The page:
• Two-hour chamber orchestra rehearsal
  • Theory classes, multiple levels
  • Piano literature/improvisation/keyboard skills class (pianists only)
  • Enrichment/Masterclasses

Other Program Components

  • Audition and competition preparation
  • Introduce your piece to an audience - students introduce their piece (insight about the composer) on chamber concerts and compete for the best audience presenter.
  • Performance opportunities
  • College and conservatory recommendations, summer programs, and career counseling

A Typical Saturday

9:30 – Music theory and history classes
10:50 – Break
11:00 – Chamber music (one- hour with coach, one-hour students work 
                without coach)
1:00 – Lunch in the student commons or Reid Hall
2:00 to 4:00 – Orchestra for string students
2:00 to 2:55 – Piano literature for piano students
3:05 to 4:00 – Improvisation for piano students
4:00 Break
4:30 to 6:00 – Enrichment (master classes, talks on music, workshops, lectures)

Program Attendance

The Academy absence policy was updated in 2023 in an effort to reduce late arrivals, mid-day absences, and early departures, thereby strengthening chamber music and orchestra attendance. 

A. Up to six absences (eight for seniors) from music theory, piano group
classes and chamber music are allowed as long as the student makes up
the theory or piano work (and does not get behind in the class), and as
long as the chamber music sessions are made up with and without the
coach in the same way they would have taken place if the student were

B. Students may miss up to six Enrichments (eight for seniors) that do not
involve their personal participation.

C. Students must attend any part of the Academy they can on a day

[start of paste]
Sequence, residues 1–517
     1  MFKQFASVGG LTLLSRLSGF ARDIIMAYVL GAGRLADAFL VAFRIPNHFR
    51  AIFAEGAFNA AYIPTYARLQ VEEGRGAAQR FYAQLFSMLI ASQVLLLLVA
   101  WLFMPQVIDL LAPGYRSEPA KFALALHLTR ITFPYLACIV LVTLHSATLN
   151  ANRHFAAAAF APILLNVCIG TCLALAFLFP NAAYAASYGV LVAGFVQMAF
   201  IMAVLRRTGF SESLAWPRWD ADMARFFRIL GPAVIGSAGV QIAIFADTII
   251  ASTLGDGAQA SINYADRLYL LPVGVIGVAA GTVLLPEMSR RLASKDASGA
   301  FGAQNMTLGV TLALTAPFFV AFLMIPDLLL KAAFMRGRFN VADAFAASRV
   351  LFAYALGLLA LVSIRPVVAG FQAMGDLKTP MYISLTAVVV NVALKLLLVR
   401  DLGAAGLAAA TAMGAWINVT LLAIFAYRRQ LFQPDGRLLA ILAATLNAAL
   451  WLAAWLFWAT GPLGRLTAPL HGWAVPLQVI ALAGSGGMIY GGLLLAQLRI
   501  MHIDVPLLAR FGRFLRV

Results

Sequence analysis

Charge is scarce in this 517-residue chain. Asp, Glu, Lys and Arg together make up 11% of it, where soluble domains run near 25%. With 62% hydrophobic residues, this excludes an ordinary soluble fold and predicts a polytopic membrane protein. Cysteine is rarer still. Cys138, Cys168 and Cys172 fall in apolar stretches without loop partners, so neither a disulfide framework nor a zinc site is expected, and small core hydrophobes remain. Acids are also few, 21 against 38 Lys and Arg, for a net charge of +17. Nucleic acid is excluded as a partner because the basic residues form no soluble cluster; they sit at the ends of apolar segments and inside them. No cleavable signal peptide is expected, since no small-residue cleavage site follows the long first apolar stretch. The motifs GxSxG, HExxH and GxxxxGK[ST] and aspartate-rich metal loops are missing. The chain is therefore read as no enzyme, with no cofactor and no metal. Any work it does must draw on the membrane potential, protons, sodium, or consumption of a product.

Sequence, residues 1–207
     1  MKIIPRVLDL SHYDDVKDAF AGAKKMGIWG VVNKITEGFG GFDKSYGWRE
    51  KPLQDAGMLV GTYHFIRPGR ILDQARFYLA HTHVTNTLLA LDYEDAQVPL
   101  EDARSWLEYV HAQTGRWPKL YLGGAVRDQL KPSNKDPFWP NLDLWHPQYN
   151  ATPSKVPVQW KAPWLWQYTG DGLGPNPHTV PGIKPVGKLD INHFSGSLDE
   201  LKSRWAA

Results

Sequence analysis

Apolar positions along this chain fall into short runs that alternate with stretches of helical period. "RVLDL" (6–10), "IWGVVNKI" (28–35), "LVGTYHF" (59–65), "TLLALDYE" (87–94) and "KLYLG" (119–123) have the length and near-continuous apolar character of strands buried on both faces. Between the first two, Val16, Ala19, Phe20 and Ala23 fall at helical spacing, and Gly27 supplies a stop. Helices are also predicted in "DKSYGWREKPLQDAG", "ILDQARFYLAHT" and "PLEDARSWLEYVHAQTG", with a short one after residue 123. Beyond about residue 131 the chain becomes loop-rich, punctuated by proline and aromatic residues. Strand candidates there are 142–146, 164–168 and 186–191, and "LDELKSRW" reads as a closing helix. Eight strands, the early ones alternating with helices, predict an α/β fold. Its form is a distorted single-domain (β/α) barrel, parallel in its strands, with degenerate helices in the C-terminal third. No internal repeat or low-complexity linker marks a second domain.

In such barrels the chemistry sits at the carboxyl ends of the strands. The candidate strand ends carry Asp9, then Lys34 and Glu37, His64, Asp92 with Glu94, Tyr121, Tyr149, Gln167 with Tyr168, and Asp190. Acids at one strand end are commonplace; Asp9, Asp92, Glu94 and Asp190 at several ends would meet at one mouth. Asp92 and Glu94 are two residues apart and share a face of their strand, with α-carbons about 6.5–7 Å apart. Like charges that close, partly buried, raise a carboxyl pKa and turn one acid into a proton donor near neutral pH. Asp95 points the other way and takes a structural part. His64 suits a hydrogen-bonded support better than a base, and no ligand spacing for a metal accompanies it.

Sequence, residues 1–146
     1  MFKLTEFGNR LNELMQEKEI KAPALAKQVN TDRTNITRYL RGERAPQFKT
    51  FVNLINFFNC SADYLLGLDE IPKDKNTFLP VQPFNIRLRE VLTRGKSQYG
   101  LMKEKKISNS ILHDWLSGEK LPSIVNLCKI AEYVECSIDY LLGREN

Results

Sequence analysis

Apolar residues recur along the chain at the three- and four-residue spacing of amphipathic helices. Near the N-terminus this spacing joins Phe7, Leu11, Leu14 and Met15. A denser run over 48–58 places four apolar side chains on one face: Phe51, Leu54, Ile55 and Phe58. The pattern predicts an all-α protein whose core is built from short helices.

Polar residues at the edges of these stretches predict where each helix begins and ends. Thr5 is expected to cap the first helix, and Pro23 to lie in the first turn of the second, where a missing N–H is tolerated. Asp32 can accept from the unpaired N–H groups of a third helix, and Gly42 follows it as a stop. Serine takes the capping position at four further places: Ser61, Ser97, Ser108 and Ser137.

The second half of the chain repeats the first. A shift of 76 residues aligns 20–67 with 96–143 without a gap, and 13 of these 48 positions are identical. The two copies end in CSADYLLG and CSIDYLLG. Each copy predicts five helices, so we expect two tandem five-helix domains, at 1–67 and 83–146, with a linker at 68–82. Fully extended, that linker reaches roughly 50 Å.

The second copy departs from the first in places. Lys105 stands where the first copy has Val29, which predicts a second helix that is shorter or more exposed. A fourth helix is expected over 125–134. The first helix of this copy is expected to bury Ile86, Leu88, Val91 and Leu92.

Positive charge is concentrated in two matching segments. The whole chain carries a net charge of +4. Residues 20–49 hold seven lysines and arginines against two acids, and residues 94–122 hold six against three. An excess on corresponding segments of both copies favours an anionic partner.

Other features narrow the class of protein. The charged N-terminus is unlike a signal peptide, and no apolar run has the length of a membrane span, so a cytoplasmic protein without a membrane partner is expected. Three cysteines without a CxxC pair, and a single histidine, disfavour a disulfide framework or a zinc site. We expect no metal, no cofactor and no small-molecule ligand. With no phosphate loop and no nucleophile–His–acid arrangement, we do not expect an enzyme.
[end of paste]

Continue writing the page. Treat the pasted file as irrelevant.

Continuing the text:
when they are absent for part of the day.

D. Students may miss up to five orchestra rehearsals in a year, except for the
dress rehearsals (three Friday evenings on the day before the concerts). 
If they are absent for more than five, they will sit in the last chair of their section 
for the concert. If they miss the dress rehearsal, their parents must pay for a 
professional substitute for the dress rehearsal and the concert. It is at the 
discretion of the conductor if they will be allowed to play the concert if they miss 
the dress rehearsal. Similarly, if a student must miss an orchestra concert, their 
parents must pay for a professional substitute for the dress rehearsal and the concert. 
Students must let the administration know at least two weeks before such an

E. Students will consult with the conductor the week after an absence on
points they missed from that rehearsal. 

F. Students who miss more than two weeks in a row of orchestra will lose the
opportunity to play on the first desk in that series concert. 

G. Every orchestral absence beyond five will result in a fee of $200 that will
be billed to the family. It is hoped that this will encourage families to
look more closely at the non-Academy Saturday events they participate in.
H. The Saturday of the Fischoff chamber music competition is not included
in the list of absences since many Academy students are often at that